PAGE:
The third and final issue respecting the motion to dismiss Count I relates to the application of the Pickering/Connick balancing test, and here again we deny the motion for now, but with a recognition that the issue must be revisited.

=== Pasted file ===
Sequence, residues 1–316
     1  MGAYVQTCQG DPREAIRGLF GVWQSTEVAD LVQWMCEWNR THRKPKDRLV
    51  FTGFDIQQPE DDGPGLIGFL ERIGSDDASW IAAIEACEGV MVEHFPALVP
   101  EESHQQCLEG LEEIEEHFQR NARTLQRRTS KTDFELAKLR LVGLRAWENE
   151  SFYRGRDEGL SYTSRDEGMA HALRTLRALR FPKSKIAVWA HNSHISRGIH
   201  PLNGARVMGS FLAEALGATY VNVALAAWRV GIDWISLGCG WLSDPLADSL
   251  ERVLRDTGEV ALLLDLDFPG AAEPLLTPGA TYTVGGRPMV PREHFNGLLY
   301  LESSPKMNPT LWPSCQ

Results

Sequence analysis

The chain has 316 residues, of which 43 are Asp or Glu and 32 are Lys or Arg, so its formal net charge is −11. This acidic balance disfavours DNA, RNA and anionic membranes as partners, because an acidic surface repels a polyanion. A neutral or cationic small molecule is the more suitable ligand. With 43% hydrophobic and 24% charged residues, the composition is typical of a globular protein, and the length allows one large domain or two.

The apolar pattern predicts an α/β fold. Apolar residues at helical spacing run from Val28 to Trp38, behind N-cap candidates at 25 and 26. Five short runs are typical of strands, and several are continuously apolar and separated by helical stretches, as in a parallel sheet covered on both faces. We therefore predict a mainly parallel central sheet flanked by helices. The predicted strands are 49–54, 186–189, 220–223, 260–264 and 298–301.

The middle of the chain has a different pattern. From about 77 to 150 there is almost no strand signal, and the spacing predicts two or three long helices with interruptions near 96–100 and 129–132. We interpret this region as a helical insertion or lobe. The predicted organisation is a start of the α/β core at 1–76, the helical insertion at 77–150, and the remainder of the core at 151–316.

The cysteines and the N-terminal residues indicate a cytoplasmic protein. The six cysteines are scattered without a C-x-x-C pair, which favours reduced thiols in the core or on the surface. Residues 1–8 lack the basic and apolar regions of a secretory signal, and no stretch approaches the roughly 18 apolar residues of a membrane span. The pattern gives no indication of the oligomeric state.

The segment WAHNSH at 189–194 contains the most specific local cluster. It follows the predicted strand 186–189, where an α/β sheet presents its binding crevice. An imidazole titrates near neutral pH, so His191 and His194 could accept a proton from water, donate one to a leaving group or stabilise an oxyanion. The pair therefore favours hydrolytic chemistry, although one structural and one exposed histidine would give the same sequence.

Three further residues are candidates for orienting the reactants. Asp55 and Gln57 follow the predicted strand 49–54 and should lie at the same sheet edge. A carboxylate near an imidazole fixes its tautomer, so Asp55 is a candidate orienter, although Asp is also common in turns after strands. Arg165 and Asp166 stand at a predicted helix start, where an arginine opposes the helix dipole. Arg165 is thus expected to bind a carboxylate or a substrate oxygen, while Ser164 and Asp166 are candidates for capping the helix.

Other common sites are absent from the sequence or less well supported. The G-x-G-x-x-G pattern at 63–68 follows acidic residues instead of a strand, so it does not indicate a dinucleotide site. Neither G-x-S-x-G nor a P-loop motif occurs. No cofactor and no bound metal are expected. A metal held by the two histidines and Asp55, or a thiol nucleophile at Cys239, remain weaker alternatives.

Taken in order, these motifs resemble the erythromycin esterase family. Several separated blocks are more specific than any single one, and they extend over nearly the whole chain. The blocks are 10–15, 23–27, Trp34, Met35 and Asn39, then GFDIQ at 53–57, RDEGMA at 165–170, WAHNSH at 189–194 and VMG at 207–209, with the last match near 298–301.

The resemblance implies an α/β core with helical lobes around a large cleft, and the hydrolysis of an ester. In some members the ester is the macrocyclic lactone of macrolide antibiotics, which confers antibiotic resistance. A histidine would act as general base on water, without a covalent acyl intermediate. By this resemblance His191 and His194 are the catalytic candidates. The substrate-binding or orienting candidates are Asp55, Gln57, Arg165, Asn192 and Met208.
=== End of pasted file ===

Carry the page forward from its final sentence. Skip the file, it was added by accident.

Resnick was not an employee but we do not believe that materially changes the analysis. See Board of County Commissioners, Wabaunsee County, Kan. v. Umbehr, 518 U.S. 668, 116 S.Ct. 2342, 135 L.Ed.2d 843 (1996). If Loren-Maltese and the Board trustees were involved in public corruption, that was a matter of heightened public concern, Gorman v. Robinson, 977 F.2d at 355, and, in applying the Pickering/Connick balancing, the greater the public concern the greater the need to justify restrictions. Givhan v. Western Line Consolidated School District, supra; Jefferson v. Ambroz, 90 F.3d 1291 (7th Cir. 1996); Kukla v. Village of Antioch, 647 F. Supp. 799 (N.D.Ill. 1986). But what if plaintiffs were lying about Loren-Maltese and the Board trustees, or were negligently or innocently in error? Their speech in those circumstances does not survive a Pickering/Connick analysis. Wright v. Illinois Dept. of Children & Family Services, 40 F.3d 1492, 1505 (7th Cir. 1994); American Postal Workers Union v. U.S. Postal Service, 830 F.2d 294 (D.C.Cir. 1987). The same is true when the employer reasonably believes that the employee has ...